Depression largely affecting Southeast Asia: WHO

New Delhi, April 6: Depression is the biggest cause of suicides, and the highest cause of death among 15-29-year olds in Southeast Asia. It is due to state of low mood that can affect a person’s thoughts, behavior and feelings.

The World Health Organization (WHO) called for scaling up of the quality and reach of mental health services to tackle depression.

Depression affects nearly 86 million people in Southeast Asia Region and still untreated, which can lead to suicide.

To treat depression and to prevent untold hardships one should talk openly about the conditions which individual is facing.

“Depression is an issue that needs to be heard. It can affect anyone at any stage of life, impacting relationships, work and social interactions, and impeding our ability to live life to its fullest. Depression can be managed and overcome,” said Poonam Khetrapal Singh, Regional Director, WHO Southeast Asia, in a statement.

April 7 every year is marked as World Health Day and depression has been set as the theme for 2017.

According to WHO, it is more common in experienced by adolescents and young adults, women of childbearing age (particularly following childbirth), and adults over the age of 60 which involves sadness or loss of interest.

The major reasons of depression are sedentary lifestyle among youngsters, infertility is also becoming a major reason for depression.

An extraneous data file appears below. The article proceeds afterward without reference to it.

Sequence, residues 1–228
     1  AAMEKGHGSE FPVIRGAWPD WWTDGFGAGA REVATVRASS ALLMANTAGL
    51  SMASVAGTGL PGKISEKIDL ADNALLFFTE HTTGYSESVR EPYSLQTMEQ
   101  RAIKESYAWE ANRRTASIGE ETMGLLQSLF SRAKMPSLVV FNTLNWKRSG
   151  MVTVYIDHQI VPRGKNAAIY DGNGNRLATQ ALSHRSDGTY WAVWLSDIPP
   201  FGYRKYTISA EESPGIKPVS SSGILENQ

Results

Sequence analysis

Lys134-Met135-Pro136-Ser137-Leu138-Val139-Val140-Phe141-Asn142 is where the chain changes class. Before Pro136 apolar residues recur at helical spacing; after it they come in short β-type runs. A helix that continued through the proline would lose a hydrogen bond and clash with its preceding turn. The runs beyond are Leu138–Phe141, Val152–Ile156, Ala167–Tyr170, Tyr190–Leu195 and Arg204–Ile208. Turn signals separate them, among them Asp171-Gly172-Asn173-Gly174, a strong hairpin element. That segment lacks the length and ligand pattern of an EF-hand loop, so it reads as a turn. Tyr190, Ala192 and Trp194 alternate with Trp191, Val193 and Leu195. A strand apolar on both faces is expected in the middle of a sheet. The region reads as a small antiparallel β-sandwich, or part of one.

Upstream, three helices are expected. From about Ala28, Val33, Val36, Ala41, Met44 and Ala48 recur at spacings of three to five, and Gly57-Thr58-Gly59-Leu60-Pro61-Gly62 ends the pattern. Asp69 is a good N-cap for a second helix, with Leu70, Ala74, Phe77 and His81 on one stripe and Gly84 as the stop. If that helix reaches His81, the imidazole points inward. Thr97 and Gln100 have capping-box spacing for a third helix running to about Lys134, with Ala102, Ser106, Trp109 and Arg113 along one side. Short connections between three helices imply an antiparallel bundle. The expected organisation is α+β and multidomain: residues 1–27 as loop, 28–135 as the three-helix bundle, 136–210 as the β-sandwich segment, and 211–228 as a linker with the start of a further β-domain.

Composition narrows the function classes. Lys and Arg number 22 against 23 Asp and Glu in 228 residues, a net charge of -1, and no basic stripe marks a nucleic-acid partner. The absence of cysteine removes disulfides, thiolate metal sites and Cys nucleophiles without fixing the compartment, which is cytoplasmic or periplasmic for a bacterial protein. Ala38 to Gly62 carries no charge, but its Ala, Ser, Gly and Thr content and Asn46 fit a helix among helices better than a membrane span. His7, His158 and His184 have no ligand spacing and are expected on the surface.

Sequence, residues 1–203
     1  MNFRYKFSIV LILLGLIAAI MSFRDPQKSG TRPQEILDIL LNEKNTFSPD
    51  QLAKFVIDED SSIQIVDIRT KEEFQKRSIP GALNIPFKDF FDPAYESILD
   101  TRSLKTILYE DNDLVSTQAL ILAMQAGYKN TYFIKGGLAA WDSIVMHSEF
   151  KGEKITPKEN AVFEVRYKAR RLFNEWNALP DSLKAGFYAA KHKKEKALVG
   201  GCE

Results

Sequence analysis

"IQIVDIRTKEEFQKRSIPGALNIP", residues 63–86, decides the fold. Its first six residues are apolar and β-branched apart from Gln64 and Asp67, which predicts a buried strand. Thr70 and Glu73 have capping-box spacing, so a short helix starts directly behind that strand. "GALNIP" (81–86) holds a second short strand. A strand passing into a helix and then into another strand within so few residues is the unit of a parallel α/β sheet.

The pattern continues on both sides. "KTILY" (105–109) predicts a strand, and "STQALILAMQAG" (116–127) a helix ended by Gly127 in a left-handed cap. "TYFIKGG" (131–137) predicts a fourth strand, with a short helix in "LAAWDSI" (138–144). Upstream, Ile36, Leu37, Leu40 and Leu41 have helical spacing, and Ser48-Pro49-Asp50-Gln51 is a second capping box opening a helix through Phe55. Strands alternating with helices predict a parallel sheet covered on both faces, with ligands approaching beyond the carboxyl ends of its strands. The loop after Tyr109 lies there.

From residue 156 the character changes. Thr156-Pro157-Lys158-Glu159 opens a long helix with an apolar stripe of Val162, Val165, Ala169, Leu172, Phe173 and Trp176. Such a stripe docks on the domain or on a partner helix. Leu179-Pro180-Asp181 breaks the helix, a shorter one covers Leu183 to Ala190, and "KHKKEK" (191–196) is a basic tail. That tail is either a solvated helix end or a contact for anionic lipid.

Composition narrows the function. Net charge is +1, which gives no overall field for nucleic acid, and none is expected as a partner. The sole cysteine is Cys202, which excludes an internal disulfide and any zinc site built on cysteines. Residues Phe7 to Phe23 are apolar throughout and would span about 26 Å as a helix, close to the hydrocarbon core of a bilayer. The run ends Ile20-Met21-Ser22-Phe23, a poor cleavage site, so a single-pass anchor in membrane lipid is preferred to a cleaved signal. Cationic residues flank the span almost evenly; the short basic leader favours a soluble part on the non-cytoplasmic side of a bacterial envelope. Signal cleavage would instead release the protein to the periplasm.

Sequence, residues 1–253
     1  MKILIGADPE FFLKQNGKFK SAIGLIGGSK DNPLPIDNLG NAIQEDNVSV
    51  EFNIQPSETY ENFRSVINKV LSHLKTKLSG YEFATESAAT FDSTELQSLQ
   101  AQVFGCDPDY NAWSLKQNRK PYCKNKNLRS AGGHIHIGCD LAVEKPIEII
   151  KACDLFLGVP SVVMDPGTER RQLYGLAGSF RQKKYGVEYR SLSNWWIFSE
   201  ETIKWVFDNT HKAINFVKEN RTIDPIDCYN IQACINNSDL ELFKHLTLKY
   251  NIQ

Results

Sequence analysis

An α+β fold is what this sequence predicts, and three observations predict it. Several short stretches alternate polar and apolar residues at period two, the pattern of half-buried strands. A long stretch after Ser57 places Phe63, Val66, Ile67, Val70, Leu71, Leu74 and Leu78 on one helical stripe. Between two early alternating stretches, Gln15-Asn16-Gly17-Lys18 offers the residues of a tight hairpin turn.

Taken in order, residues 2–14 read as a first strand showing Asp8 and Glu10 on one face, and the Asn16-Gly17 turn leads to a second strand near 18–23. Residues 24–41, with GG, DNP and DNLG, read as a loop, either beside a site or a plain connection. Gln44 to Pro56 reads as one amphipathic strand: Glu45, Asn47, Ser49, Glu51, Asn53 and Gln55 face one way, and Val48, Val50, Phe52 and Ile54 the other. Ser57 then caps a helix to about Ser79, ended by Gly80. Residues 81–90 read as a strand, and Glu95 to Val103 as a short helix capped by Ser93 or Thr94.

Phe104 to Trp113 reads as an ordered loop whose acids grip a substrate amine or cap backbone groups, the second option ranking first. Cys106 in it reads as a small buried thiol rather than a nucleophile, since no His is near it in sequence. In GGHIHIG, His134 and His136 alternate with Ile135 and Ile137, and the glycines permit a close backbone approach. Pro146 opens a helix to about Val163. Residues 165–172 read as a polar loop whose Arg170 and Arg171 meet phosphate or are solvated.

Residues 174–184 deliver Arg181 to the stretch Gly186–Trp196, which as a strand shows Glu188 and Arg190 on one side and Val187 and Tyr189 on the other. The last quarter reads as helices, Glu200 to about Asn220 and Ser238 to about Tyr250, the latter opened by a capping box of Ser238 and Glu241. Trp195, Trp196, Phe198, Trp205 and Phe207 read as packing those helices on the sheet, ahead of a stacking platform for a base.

“It is important to diagnose the symptoms that hinder conception. If a person is experiencing tearfulness, not looking forward to things as much as they used to, have issues with sleeping and/or eating, are not enjoying activities like one did in the past, and are feeling irritable, it is possible that the person is depressed. Women with increased stress hormones are less likely than others to get pregnant.” said Jyoti Gupta, IVF Expert at city based Indira IVF Hospital.

The symptoms of depression includes by significant weight loss, decrease or increase in appetite, sleep disturbances, low energy levels and fatigue, said by Samir Parikh, Director Mental Health and Behavioral Sciences at Fortis Healthcare.

“A depressed individual might experience feelings of worthlessness or excessive or inappropriate guilt, with a difficulty in concentration, difficulty in decision-making, and recurrent thoughts of death,” said Parikh.

Wefornews Bureau

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